Song of the post: The Who – Join Together
Gathering scholars to discuss a common academic theme is almost certainly more difficult than herding cats. But, for folks who conduct research at the intersection of environmental issues and human behavior, the annual Sustainability Psychology Preconference at the Society for Personality and Social Psychology has cast a wonderful net around the community for the past six years. As co-chair of the organizing committee with Cameron Brick (and with the help of the other awesome folks on the committee, pictured here), I wanted to provide a summary of the discussions from this year’s Sustainability Psychology Preconference.
We started off the morning with Dr. Linda Steg’s keynote address. Graciously traveling all the way from the Netherlands, Dr. Steg explored the importance of intrinsic motivation for understanding why people engage in positive environmental actions. For example, she detailed her recent research demonstrating that employees are more likely to perform pro-environmental behaviors in the workplace when they hold “biospheric values” (a relatively stable concern about nature). Furthermore, she explored how targeting egoistic values, such as concerns about money, may undermine the extent to which people engage in a range of environmental actions (e.g., save energy AND save water; sometimes called “behavior spillover”).
Following Dr. Steg’s keynote address, our first theme of the day focused on recent trends in the basic science surrounding environmental issues. Dr. Paul Thibodeau discussed systems thinking and the environment, revealing that people higher in systems thinking (e.g., endorsing statements such as “All the earth’s systems, from the climate to the economy, are interconnected”) are more likely to state that they feel connected to nature. Dr. Kathryn Doherty discussed how important it is that people who want to help address climate change need to feel like they, and their social groups, are efficacious, and that they can be part of future solutions. Finally, Dr. Matthew Hornsey used meta-analysis to explore the strongest predictors of whether people believe in human-caused climate change, finding that political affiliation (identifying as a Republican), those with weak environmental values, and those who felt that their local weather has not changed drastically in recent years, tended to be the most skeptical of human-caused climate change.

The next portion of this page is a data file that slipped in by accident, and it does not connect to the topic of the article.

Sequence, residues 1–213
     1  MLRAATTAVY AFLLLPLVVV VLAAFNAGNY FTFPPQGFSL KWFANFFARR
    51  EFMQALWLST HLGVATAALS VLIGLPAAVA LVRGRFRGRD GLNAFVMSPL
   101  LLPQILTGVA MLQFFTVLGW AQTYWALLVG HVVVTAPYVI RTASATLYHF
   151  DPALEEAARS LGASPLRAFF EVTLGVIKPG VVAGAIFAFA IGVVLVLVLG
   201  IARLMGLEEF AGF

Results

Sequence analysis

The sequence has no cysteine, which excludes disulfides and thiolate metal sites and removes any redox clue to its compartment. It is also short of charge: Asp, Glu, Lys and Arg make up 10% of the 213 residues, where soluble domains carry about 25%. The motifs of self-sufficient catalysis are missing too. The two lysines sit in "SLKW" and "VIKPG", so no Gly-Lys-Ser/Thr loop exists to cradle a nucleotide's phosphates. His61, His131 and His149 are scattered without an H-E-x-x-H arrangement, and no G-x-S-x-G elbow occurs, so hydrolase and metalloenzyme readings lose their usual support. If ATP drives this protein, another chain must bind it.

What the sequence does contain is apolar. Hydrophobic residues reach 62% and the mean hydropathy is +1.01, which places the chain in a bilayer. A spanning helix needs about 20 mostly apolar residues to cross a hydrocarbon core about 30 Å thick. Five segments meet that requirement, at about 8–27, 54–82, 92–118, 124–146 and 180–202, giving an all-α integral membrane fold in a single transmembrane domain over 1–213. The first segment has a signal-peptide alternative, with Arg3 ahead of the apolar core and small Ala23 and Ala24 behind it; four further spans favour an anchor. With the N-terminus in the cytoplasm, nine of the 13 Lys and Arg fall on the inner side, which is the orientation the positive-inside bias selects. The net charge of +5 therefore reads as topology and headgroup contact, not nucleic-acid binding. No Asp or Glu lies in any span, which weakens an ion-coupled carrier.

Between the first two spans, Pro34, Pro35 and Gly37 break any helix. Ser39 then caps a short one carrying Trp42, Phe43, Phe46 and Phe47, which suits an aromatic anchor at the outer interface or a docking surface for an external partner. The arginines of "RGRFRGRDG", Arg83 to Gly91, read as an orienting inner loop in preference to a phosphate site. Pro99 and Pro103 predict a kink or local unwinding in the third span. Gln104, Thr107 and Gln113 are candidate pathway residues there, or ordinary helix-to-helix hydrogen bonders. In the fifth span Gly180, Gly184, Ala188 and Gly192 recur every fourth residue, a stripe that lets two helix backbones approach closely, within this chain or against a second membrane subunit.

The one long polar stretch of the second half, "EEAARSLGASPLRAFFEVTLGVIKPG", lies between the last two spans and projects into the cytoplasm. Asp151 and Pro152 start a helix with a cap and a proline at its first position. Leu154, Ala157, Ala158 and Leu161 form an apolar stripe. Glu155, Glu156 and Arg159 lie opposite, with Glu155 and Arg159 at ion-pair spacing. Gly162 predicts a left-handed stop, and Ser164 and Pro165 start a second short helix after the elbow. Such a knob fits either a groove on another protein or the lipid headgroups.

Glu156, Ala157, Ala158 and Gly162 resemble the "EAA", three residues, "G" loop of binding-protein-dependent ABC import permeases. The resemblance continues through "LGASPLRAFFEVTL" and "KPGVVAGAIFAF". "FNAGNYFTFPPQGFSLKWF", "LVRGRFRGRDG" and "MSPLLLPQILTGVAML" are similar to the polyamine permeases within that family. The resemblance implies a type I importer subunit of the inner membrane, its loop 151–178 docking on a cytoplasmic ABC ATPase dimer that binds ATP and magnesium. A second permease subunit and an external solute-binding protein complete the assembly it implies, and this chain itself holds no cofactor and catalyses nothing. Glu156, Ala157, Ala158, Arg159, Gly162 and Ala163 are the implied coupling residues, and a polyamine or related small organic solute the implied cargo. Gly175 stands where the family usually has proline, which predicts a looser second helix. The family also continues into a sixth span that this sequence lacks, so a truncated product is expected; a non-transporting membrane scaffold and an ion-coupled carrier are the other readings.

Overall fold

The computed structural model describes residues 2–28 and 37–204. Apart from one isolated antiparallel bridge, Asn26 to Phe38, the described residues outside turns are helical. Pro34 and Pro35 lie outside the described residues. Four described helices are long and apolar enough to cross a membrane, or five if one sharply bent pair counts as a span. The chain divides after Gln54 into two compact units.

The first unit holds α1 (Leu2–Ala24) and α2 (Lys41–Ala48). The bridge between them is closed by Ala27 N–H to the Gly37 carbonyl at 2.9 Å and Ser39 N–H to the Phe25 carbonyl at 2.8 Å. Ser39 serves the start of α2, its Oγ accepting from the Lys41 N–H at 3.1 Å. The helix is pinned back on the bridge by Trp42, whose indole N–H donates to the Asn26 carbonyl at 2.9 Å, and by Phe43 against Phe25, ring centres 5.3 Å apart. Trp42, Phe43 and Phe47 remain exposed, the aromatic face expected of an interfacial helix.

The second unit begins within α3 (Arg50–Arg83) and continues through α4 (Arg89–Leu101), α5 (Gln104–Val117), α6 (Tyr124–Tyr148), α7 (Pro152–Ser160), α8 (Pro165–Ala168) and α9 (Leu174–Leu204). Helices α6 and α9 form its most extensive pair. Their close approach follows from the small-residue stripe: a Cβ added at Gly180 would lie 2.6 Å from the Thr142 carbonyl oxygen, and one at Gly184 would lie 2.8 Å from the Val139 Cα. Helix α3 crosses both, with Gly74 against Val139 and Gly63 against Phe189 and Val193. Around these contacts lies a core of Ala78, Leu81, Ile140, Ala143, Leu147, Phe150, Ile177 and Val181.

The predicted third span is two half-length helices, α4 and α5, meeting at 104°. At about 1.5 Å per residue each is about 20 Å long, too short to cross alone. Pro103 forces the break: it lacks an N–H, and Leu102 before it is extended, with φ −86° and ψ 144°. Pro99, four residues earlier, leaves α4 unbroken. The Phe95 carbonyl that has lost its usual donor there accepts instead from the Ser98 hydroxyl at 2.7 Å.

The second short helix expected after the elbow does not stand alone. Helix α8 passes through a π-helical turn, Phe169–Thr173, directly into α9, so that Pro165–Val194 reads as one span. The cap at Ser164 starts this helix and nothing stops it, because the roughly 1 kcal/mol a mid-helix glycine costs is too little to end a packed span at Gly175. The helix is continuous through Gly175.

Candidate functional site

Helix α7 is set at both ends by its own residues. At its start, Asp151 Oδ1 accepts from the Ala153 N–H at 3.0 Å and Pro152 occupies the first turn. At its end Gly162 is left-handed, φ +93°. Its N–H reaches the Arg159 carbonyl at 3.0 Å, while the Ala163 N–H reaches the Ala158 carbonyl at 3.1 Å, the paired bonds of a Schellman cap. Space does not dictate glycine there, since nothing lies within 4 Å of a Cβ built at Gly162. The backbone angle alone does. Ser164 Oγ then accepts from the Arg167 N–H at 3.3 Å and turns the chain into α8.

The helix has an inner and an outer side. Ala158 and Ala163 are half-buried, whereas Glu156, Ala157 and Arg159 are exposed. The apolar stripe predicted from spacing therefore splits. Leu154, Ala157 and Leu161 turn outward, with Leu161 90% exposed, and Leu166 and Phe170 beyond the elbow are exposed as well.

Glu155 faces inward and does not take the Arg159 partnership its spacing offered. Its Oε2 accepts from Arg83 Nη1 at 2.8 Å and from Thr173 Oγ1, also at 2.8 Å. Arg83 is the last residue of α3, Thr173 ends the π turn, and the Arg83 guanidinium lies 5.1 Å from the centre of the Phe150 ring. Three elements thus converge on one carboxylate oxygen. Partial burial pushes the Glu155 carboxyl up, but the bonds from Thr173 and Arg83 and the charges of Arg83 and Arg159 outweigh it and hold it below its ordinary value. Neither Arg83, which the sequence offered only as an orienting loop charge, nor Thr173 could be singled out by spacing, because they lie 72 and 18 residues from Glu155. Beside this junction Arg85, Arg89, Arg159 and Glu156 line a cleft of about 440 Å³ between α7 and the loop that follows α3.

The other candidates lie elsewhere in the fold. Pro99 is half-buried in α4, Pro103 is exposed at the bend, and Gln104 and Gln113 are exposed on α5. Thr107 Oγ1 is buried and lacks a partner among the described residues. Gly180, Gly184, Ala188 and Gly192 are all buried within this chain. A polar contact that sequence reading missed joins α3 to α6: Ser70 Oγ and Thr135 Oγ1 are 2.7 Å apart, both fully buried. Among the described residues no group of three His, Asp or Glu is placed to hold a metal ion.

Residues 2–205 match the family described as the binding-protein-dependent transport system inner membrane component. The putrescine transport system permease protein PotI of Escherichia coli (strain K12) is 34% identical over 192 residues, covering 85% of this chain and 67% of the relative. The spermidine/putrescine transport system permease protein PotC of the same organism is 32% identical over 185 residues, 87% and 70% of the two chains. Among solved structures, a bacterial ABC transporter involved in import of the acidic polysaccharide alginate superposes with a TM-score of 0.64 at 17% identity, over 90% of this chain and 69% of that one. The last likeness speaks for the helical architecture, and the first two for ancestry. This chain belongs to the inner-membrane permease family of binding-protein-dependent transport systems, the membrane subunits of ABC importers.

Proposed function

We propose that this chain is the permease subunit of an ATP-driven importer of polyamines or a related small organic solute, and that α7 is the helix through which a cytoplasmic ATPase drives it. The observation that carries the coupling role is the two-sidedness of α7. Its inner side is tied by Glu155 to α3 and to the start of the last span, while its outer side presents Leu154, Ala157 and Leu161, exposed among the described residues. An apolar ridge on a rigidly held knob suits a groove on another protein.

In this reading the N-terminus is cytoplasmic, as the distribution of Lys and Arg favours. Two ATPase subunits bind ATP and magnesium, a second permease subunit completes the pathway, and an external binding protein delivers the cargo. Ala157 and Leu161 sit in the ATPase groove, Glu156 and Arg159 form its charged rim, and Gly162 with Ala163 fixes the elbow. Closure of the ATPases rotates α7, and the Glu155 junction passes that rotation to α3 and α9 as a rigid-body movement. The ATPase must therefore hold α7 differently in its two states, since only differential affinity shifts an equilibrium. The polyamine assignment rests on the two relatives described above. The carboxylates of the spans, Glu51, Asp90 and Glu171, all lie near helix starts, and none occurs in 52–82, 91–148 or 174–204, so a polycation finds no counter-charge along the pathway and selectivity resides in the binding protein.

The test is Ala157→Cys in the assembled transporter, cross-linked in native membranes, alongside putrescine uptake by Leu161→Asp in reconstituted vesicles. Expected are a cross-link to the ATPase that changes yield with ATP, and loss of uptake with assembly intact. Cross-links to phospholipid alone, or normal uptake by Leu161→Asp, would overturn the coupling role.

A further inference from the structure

The final session of the day focused on the intersection of sustainability psychology and policy. Dr. Ezra Markowitz discussed how sustainability psychologists can inform environmental policy moving forward. In particular, he emphasized the need to build new collaborations with community partners, seek more creative research funding sources, and develop new programs of experimental community-based research. Next, Liza Meyer, Green Policy Manager of San Antonio, explored recent behavioral and environmental policies in San Antonio, including a coal tar ban, a ban on vehicle idling, and a green events ordinance. Finally, Molly Cox, President and CEO of SA2020, offered thoughts on the progress San Antonio has made on sustainability goals for 2020, and how SA2020 is informing sustainability goal-setting of cities across the world.
Apart from these themes, additional presenters offered brief talks on their recent work (“data blitz talks,” or brief five-minute presentations) or presented posters on their research. All of the invited and data blitz presenters, and many of the poster presenters, generously allowed us to share their presentation materials, which can all be accessed here. Finally, we presented the first ever student awards for the Sustainability Psychology Preconference for a Student Data Blitz Presentation and a Student Poster Presentation. Congratulations to Kimin Eom (University of California, Santa Barbara) and Jennifer Cole (University of Colorado Boulder) for the Data Blitz and Poster awards, respectively!
A huge thank you to all of the presenters, the committee members, SPSP, and San Antonio, not to mention Division 34 (Society for Environmental, Population, and Conservation Psychology) of the American Psychology Association for funding support. We hope to see you next year in Atlanta, Georgia for the 7th annual Sustainability Psychology Preconference at the Society for Personality and Social Psychology!